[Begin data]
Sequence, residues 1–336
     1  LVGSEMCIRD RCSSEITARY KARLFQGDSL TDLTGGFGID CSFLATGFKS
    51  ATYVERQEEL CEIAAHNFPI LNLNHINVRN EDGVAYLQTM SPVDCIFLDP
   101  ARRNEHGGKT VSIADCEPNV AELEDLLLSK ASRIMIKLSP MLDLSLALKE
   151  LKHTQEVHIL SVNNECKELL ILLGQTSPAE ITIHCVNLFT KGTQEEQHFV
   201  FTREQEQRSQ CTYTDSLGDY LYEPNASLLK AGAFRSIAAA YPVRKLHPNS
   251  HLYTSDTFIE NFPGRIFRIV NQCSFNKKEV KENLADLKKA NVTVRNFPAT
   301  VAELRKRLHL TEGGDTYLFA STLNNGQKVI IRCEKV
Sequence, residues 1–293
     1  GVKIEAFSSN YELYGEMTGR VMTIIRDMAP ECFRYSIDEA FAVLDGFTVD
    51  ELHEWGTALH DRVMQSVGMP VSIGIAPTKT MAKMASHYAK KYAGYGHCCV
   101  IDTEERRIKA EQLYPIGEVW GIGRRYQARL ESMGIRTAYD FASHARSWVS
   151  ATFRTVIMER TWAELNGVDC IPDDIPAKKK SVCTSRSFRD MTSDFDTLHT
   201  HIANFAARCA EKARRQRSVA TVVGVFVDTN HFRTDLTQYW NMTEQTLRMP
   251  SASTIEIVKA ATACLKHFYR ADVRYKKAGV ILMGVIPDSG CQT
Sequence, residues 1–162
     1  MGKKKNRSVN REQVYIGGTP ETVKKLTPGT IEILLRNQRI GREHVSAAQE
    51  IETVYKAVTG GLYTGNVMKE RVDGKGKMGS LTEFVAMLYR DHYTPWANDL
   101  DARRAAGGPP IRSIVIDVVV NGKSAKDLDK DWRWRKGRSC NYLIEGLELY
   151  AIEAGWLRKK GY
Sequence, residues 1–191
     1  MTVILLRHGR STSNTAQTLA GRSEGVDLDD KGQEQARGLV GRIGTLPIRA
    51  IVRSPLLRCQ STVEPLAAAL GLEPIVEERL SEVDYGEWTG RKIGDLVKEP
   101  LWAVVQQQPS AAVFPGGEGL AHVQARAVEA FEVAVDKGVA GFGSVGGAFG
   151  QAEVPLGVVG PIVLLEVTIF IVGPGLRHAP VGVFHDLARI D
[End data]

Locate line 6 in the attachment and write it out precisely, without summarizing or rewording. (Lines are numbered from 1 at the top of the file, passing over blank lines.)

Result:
   201  FTREQEQRSQ CTYTDSLGDY LYEPNASLLK AGAFRSIAAA YPVRKLHPNS